You may not have heard of it before, but located 60 kilometres off the north-west coast of Western Australia, Barrow Island is one of the most important conservation reserves in the region. The island itself is around 25 kilometres long and 10 kilometres wide, and the arid landscape is mainly dominated by spinifex grasslands.
Around 2,800 species have been recorded on Barrow, including 24 species and subspecies found nowhere else on Earth. Thanks to a world renowned Quarantine Management System to prevent the introduction of harmful invasive species and diseases to the island, some rare species are able to thrive here, despite having been driven to extinction on the mainland.
The burrowing bettong or ‘boodie’ no longer exists on mainland Australia, and until recently was only found on three islands off the coast of Western Australia including Barrow. The only burrowing member of the kangaroo family, this nocturnal marsupial lives in small groups in an underground burrow or warren which may have just a single entrance, or up to 100! Other marsupials found on Barrow Island include the golden bandicoot, the black-footed rock-wallaby and the Barrow Island euro, a subspecies of the common wallaroo.
Birds on Barrow
Designated as an Important Bird Area by BirdLife International, 119 bird species have been recorded on Barrow. The island supports a large number of migratory shorebirds including pied oystercatchers and fairy terns, as well as raptors such as the brahminy kite and osprey. Other species commonly seen here include an endemic subspecies of the white-winged fairy wren and the spinifexbird, the most abundant bird on the island, which thrives in the spinifex grasslands.
The predatory perentie
The second largest lizard in the world after the Komodo dragon, the perentie is the top predator on Barrow Island. Prey is easily tracked as the perentie has extremely good eyesight and uses its long tongue to pick up chemical signals in the air. Like other monitor species, the perentie is able to run extremely fast over great distances, reaching speeds of up to 40 kilometres per hour, about the same speed as an Olympic sprinter! Once caught, prey is shaken violently until dead, and then swallowed whole.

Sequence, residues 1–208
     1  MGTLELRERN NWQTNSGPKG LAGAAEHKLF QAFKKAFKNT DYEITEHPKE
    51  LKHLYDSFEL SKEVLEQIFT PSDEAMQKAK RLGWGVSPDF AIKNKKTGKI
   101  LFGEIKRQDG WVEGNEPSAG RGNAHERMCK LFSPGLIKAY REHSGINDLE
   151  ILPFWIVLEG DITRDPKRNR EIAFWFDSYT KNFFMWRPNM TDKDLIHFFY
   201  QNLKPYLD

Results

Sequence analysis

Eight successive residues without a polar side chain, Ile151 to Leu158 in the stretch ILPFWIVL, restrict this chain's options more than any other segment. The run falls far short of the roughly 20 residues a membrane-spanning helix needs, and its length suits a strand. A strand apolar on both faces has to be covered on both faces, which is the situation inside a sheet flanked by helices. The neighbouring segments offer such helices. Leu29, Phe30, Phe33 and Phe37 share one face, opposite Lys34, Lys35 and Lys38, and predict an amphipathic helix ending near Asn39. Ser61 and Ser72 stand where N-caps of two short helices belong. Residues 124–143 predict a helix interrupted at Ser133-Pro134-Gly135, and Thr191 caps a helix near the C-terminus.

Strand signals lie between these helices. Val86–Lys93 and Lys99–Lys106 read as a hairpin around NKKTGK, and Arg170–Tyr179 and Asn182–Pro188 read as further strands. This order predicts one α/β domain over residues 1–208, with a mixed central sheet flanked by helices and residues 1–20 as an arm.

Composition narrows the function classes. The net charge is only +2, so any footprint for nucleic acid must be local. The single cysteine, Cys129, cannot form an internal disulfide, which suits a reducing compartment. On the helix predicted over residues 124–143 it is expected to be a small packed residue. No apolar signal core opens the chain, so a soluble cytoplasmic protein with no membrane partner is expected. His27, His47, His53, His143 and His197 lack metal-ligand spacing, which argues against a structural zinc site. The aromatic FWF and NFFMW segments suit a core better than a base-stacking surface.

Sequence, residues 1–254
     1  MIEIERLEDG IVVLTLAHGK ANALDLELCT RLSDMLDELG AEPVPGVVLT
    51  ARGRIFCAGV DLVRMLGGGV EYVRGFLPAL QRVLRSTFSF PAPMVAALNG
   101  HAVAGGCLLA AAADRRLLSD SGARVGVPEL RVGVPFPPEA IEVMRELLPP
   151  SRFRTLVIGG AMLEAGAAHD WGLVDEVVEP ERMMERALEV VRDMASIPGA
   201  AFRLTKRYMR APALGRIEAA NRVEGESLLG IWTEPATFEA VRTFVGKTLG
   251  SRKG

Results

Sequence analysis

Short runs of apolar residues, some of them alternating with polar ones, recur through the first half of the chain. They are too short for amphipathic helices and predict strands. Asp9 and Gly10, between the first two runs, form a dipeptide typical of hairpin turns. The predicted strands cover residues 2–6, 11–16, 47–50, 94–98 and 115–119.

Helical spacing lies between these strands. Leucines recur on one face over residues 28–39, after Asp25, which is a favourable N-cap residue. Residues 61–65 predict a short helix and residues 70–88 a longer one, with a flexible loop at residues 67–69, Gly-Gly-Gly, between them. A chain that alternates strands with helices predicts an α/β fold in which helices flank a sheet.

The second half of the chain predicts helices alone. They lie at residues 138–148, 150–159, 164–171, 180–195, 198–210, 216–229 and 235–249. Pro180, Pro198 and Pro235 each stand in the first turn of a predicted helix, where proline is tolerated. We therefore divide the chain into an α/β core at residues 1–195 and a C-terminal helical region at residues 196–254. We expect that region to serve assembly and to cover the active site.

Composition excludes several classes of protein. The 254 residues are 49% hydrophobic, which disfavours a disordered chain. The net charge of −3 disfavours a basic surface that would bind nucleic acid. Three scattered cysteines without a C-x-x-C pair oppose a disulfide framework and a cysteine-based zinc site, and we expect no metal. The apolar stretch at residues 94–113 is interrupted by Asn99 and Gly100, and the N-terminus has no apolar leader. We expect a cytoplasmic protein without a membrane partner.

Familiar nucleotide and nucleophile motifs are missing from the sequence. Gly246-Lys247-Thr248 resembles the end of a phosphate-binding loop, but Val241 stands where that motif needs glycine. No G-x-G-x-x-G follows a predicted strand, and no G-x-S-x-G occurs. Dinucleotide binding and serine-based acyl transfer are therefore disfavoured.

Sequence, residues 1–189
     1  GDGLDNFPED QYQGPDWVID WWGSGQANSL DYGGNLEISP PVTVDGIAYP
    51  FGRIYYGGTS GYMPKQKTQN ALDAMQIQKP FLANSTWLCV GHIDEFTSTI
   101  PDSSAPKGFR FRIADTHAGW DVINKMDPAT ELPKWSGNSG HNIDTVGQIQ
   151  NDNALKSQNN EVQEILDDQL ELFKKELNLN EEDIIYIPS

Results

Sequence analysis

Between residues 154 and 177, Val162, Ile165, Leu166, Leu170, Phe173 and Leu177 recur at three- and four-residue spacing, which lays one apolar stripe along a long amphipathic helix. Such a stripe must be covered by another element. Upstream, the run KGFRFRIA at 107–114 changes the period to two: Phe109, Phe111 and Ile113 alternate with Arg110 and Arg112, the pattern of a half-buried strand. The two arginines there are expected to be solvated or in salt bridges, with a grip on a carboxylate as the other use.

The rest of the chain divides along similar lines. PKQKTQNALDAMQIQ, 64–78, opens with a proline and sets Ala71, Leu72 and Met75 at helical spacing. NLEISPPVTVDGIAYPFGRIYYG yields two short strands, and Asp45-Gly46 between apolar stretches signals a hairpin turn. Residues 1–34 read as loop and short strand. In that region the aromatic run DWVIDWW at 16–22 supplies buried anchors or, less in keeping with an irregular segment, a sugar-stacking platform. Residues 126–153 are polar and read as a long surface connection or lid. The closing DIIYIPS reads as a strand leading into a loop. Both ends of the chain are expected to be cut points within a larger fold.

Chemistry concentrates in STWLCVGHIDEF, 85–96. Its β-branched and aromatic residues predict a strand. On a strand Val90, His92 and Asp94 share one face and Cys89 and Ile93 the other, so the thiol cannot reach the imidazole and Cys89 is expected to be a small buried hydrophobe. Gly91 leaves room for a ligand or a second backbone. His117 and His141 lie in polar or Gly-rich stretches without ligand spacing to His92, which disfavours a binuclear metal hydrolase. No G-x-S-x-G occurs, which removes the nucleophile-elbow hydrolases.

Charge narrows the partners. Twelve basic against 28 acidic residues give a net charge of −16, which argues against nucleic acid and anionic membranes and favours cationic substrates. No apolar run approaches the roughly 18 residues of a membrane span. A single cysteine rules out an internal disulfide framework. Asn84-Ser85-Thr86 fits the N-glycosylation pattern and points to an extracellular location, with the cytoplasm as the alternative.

An unusual amphibian
Only one species of frog is found on Barrow Island, a desert burrowing frog called Main’s frog. Only seen at the surface during the summer wet season, Main’s frog is able to survive in this arid habitat by spending the rest of the year underground in a state of torpor, retaining water inside its body by sealing itself inside a cocoon. It emerges to breed following heavy rains, with the female laying up to 1,000 eggs into temporary pools of water.
Important sea turtle rookeries are found on the shores of Barrow Island, with green turtles and flatback turtles coming ashore to nest between November and February. Undertaking tremendous feats of navigation, an adult green turtle returns to the same beach to breed each season, and some populations of green turtle migrate thousands of kilometres to feed and breed. We have recently developed a brand new Turtle Life Cycle education module to teach students aged 7-11 about the lives of these incredible turtles.
Natural resources on Barrow
As well as being an area of great conservation importance, Barrow Island is also Australia’s largest operating onshore oilfield. More than 300 million barrels of oil have been produced on Barrow Island since 1964, with strict environmental, safety and health standards and procedures having been put in place in order to safeguard the environment and minimise the impact on the island ecosystem.
Find out more about Barrow Island
Claire Lewis, ARKive Researcher